Half-Life: Opposing Force
Not as creative as its source material, but a great add-on nonetheless.
Opposing Force lets you to experiencing the Half-Life story through the perspective of one of the grunts sent in to contain the alien invasion at Black Mesa, the ultra-secret research facility from the original game. You wear the boots of former U.S. Marine Adrian Shephard, now transferred to a special detachment known as the Hazardous Environment Combat Unit (HECU), and find yourself en-route to an undisclosed location via Osprey transport choppers when things suddenly go to hell. The opening segment is every bit as creepy as that of Half-Life.
Opposing Force flows naturally alongside the main storyline, allowing you to catch subtle glimpses of events and locations from the first game. Even though you’ll revisit a few places from the original, it doesn’t feel in the least like recycled material, but rather gives off eerie feelings of deja-vu. It really does feel like you’re venturing into new undiscovered parts of Black Mesa during the alien invasion. And if you remember the original game, you’ll know that the marines are hopelessly outmanned and outgunned.
Not ten minutes into the game and the now-infamous order is received via radio: “Forget about Freeman.” The alien threat is too much, and all marines are ordered to pull out. But in a brilliant scripted scene, Shephard just misses the last chopper heading out, and suddenly the player’s M.O. is simply survival. In addition to most of the aliens we’re familiar with, Opposing Force introduces about ten new enemies. The lumbering insect-like Voltigore is one of them, meant to be an obvious fill-in for the Garg. Others are a lot faster, and one breed uses organic weapons which you can use yourself.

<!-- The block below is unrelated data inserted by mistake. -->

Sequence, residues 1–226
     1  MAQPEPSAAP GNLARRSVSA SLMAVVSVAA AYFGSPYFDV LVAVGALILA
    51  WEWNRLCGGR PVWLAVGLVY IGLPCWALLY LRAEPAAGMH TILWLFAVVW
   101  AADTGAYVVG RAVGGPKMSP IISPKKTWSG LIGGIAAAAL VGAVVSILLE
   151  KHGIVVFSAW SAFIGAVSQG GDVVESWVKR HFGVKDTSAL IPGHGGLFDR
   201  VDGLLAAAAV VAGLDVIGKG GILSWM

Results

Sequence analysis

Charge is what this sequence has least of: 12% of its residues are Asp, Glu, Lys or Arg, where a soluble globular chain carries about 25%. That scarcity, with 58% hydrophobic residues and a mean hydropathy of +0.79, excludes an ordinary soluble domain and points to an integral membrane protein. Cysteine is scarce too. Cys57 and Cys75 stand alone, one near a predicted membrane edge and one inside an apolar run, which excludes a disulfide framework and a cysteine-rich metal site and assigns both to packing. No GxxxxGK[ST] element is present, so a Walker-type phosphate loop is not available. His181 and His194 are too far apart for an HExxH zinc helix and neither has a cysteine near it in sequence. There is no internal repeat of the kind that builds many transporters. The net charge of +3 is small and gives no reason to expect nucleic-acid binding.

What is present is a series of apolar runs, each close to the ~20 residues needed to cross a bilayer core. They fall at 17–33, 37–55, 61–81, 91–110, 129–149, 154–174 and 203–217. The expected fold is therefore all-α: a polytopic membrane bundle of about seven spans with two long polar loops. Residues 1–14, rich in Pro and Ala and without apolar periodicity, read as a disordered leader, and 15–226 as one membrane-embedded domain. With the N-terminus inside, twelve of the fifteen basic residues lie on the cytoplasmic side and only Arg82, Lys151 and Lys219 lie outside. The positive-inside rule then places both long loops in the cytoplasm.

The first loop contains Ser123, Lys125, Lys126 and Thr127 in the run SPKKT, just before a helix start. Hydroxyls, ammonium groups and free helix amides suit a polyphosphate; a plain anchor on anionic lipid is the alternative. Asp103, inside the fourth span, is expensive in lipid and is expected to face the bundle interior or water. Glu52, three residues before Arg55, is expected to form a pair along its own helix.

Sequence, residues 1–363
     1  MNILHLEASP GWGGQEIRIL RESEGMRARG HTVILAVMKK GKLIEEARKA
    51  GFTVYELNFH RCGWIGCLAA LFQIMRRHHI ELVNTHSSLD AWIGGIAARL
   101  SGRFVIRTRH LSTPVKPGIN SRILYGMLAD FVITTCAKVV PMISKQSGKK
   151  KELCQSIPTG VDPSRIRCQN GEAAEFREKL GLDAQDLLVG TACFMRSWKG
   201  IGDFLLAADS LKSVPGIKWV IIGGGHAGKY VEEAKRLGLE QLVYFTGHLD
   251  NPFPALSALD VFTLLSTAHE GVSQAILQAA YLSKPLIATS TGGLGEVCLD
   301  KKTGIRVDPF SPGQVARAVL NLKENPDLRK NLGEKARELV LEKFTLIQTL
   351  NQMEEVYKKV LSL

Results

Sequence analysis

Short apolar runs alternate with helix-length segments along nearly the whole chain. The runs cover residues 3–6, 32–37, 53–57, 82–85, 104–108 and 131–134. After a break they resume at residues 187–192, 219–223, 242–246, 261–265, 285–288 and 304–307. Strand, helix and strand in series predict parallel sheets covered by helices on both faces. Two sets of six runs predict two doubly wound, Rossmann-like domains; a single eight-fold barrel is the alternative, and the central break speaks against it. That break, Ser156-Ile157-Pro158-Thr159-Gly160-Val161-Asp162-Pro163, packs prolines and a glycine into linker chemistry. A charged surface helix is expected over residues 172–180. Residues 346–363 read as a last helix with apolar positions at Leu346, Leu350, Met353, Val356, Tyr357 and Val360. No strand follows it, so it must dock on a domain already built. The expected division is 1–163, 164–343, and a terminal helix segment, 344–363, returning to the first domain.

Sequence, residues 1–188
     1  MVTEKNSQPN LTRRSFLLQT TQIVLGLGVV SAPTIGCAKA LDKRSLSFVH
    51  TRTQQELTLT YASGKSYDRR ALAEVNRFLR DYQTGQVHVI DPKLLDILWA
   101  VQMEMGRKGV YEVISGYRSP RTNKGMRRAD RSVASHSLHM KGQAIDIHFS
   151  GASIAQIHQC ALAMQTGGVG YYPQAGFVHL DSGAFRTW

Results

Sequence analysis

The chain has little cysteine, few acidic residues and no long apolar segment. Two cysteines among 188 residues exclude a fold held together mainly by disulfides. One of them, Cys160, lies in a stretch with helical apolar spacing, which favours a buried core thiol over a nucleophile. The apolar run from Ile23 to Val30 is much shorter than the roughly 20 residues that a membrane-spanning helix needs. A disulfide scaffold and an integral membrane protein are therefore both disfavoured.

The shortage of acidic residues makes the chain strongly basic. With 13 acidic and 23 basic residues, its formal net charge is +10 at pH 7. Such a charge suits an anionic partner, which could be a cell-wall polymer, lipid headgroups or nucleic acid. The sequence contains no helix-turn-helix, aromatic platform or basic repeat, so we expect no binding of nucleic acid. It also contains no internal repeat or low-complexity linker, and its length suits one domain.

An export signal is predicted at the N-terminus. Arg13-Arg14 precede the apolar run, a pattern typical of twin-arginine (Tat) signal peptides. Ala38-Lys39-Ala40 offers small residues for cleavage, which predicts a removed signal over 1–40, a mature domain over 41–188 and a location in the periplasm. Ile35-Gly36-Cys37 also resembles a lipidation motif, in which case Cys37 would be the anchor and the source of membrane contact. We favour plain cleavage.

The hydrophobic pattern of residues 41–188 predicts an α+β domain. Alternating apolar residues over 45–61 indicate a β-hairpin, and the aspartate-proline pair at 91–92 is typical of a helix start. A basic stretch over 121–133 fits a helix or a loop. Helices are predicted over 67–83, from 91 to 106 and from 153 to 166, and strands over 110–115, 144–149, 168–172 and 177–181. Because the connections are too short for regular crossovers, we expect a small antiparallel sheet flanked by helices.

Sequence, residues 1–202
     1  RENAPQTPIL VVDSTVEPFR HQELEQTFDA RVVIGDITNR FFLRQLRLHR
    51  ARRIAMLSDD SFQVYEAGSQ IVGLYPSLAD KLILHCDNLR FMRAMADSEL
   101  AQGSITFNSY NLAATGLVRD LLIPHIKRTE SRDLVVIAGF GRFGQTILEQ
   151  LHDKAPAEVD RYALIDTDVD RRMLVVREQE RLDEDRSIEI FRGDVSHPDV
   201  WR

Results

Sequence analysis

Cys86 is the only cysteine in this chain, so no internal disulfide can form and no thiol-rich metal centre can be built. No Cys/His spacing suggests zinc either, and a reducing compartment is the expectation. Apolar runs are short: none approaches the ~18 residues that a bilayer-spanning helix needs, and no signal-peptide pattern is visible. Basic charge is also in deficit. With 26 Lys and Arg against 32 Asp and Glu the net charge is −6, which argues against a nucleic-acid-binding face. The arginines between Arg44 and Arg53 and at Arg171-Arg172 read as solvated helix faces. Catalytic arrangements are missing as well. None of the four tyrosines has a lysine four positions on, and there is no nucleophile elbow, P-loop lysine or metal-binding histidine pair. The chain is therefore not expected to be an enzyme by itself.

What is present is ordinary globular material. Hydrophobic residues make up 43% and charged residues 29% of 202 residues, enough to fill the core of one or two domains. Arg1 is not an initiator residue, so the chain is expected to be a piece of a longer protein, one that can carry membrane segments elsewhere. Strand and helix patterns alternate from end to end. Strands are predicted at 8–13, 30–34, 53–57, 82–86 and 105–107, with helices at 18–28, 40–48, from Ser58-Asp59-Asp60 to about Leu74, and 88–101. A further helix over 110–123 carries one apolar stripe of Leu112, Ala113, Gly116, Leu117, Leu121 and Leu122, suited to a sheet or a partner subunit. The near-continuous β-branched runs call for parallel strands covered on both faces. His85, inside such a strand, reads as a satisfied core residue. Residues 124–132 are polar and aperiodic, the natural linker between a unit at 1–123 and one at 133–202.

Several conventional and alien weapons have been included – the usable Barnacle (which also works as a makeshift grappling hook) is creatively implemented. A greater portion is made up of real-life military hardware such as heavy machineguns, sniper rifles, army knives and whatnot, all of which logically fit into the scenario. And in the end it does make more sense for the military guy to handle the rocket launcher, and not the egg-head scientist in a power suit.
Besides the new levels, monsters and various weapons, this expansion pack’s final notable attraction is the new squad AI. You’ll often find stranded soldiers here and there who can be ordered to follow and provide assistance, be it a Medic restoring some of your hitpoints, an Engineer for cutting through obstacles or a Heavy Machinegunner to just mow down enemies mercilessly. At best they offer alternate targets for the aliens (and the new Black Ops grunts), but fighting alongside them is actually good fun, even if the team-based aspect is used only in short spurts (you’ll chance upon a few survivors here and there, fight as a team for awhile, encounter a difficult obstacle and will have to leave them behind).
On a few cool occasions they work as a puzzle element. One example is when you find a medic hanging around a locked door, urging you to find a way to open it. You enter a nearby warehouse, clear it and find a wounded engineer whom you have to heal using the medic. Then you lead the engineer to the locked door so he can force it open. Simple little puzzles like this go a step beyond the expected switch-pulling and button mashing obstacles, of which there are plenty as well. But overall you have a stronger emphasis on clever puzzles than you had with the original.
Bad endings have been the downfall of a hundred good games, and unfortunately the same can be said here to some extent. The showdown with the final boss creature is little more than a disappointing exercise in puzzle-solving, highlighting a general fault with the expansion – while Gearbox did create good action and a few clever puzzles, it could never rise to the same level of awe-inspiring suspense encountered in the original. While such conundrums serve a great purpose in the middle of the game, an action title should have bookends of fiery missile-launching death.
But taken together, Opposing Force is a great continuation of Half-Life. It’s an enjoyable trip that’s just a bit short of the creative juices that its source material enjoyed, but one that provides enough action to warrant your time.
System Requirements: Pentium 133 Mhz, 24 MB RAM, 200 MB HDD, Win95/98
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